How to make better decisions at work?

Decision-making is a soft skill many of us lack or have not mastered fully. Each employee at work has to make a decision on a regular basis, from the entry level clerk to the senior vice president – even Dilbert’s lazy Wally character had to be decisive from time to time, such as what tactic to employ to escape an assignment or how much coffee to drink in a single working day.

Understanding how to make a good decision could be the secret to doing the job, improving your career or getting your boss’ nod of approval. Unfortunately, being a better decision-maker is much easier said than done for so many busy professionals, but there are steps you can take today to be more effective, improve your leadership, and have a strong head for business.

Here are eight ways you can be a better decision maker at the office or for your career.

1. Have a clear goal.

One of the most successful techniques for decision-making is to keep an eye on your goal. That simply means defining your decision ‘s intent by asking yourself what exactly is the issue that needs to be resolved? So why do they need to solve this problem? What represents a successful outcome?

Figuring out what’s most important to you will help you make good decisions. When you know the reason why you have making a particular decision; it will better serve you in staying with it, and defending it.

2. Eliminate Your Bias
Let’s be honest: in our personal lives or in our professional endeavours, everyone has a bias. Yet the amount and form of bias in the workplace will produce a ripple effect that can then damage the company or influence the subordinates. In general there are four types of biases that could influence your decisions:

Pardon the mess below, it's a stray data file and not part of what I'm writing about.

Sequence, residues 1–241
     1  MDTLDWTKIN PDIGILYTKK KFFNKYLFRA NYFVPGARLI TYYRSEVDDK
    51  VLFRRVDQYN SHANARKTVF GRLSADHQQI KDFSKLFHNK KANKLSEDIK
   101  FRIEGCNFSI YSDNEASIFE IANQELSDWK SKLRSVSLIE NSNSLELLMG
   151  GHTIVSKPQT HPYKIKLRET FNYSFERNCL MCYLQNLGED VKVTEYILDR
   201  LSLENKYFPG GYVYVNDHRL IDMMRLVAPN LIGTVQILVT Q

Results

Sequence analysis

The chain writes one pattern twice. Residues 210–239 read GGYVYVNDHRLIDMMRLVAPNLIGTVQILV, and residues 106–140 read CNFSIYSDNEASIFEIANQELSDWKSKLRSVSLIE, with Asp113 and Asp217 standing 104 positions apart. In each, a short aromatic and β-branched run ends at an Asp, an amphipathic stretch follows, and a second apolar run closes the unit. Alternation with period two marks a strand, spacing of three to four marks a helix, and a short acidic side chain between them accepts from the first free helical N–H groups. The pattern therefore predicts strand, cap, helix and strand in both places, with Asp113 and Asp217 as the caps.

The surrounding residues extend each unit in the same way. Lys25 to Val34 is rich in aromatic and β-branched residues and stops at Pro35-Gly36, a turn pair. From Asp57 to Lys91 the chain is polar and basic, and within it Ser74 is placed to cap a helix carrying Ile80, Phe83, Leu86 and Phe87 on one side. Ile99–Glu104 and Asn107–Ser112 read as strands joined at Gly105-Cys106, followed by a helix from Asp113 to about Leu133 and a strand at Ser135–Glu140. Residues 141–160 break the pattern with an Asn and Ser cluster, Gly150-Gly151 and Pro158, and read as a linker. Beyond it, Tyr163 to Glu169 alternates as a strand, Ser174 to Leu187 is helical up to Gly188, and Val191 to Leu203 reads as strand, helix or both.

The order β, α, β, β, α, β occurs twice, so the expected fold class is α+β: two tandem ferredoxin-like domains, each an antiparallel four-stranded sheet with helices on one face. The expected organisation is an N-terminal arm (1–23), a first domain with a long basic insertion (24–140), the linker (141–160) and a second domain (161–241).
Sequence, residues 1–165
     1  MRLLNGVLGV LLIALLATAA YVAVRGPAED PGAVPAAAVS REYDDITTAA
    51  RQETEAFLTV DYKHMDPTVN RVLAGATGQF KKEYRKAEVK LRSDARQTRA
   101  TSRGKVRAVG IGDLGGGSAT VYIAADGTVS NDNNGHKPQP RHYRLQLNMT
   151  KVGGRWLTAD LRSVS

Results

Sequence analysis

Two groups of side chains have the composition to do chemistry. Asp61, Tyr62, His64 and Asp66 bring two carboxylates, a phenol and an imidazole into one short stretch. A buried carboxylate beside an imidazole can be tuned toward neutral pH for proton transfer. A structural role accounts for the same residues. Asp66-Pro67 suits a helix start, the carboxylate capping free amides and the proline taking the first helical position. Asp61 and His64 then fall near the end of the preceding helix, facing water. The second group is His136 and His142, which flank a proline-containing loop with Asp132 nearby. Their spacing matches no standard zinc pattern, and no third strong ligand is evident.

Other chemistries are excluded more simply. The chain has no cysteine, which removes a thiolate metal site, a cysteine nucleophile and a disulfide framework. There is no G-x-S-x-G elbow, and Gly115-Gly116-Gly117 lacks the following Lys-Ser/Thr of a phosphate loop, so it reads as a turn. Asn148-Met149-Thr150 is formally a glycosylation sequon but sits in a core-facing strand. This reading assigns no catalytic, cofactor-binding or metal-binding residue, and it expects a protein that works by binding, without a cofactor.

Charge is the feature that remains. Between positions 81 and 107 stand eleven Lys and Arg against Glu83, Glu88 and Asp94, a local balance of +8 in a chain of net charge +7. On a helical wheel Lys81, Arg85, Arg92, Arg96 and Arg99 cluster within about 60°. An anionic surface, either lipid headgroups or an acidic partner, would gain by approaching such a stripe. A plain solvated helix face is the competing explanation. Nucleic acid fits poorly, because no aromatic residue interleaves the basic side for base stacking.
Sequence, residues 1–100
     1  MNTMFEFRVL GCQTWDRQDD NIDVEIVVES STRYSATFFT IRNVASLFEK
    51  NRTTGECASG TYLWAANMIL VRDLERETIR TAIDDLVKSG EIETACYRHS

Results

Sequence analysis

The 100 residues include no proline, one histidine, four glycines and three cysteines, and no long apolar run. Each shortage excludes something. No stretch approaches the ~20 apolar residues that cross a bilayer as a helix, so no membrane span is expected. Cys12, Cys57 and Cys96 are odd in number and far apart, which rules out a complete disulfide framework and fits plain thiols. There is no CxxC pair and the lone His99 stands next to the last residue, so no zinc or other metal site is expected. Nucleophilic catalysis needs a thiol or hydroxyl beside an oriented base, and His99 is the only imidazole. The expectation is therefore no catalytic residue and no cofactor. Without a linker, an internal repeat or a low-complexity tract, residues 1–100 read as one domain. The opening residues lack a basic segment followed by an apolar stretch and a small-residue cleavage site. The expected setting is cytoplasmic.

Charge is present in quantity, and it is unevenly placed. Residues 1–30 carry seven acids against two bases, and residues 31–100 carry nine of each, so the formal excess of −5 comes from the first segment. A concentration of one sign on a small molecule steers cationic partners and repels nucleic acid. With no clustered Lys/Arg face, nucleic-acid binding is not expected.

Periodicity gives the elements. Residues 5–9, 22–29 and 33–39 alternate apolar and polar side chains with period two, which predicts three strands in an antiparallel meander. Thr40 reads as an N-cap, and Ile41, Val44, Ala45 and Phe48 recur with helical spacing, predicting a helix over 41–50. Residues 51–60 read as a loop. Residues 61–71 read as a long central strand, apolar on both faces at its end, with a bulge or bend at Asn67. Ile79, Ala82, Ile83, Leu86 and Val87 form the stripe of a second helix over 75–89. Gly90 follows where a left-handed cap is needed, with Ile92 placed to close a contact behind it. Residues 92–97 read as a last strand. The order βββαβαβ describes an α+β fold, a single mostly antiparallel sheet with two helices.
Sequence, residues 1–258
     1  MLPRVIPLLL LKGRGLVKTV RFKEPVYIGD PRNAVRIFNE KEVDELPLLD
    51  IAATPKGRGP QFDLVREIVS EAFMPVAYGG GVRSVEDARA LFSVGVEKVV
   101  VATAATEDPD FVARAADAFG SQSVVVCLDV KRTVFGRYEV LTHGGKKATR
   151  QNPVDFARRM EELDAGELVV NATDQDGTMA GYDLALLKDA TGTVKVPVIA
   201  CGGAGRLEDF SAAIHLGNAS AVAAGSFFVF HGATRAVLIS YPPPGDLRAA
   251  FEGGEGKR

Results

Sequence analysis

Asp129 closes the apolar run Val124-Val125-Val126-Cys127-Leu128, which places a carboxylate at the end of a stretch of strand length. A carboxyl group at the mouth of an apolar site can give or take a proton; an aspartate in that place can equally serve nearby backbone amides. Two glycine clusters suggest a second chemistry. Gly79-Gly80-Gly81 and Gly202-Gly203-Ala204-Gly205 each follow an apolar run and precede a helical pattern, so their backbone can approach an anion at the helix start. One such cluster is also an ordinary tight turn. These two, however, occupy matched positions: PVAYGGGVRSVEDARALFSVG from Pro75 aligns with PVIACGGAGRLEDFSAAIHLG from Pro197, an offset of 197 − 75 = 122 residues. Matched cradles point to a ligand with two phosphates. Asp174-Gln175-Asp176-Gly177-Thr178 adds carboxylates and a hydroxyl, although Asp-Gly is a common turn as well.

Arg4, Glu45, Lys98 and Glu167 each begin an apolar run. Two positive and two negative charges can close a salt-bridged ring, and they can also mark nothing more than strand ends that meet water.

• confirmation bias – executing an option that supports our presumptions
  • status-quo bias – taking a business-as-usual approach that keeps everything the same
  • action bias – moving ahead with action because you’re perturbed by inaction
  • self-serving bias – applying a preference that only benefits you, not the company.

Ultimately, you will need to either eliminate or minimise these biases. So, the key question is: how would you rate the quality of your decision-making?

3. Cultivate a “Trust but Verify” Relationship With Data
While we are all talking about data-driven decisions, we have to be careful to anchor only on the data that supports our position and ignore other data or draw imperfect inferences from the limited data before us. And of course you should always doubt the consistency and reliability of the results.

Resist simply drawing on the data in front of you and ask: “What data do I/we need to make this decision?” Search for data that sheds light on the issue, regardless of whether it supports or refutes a direction. Ask for help to evaluate the completeness and objectivity of the data, and encourage others to challenge your inferences to minimize the chances of you selectively interpreting the information.

4. Think about the Tough Decisions
You’ve always heard of the expression ‘you sleep better on it.’ Well, this applies to a wide range of circumstances, from taking that stance with another firm to imposing a new system to streamline operations. You help your brain to process all the information and to do some critical thinking by having a good night’s rest.
It is true that there will be times when you need to make a crucial decision at that very moment.

However, a lot of your day-to-day activities at the workplace or life-changing career options can be accomplished by taking the necessary time to think about it. But there is one thing you should be aware of: overthinking can stress you out and can really make you indecisive. So, you need to weigh the pros and cons, but you must find a balance between not mulling over the decision long enough and taking too long to be decisive. Everyone will eventually develop their own system.

5. Consider the Other Side